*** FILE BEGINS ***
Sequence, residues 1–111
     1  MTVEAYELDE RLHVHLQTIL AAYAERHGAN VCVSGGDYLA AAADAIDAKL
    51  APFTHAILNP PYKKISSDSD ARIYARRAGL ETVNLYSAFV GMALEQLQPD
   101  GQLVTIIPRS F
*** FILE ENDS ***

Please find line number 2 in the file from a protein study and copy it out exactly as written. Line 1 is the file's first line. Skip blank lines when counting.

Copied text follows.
     1  MTVEAYELDE RLHVHLQTIL AAYAERHGAN VCVSGGDYLA AAADAIDAKL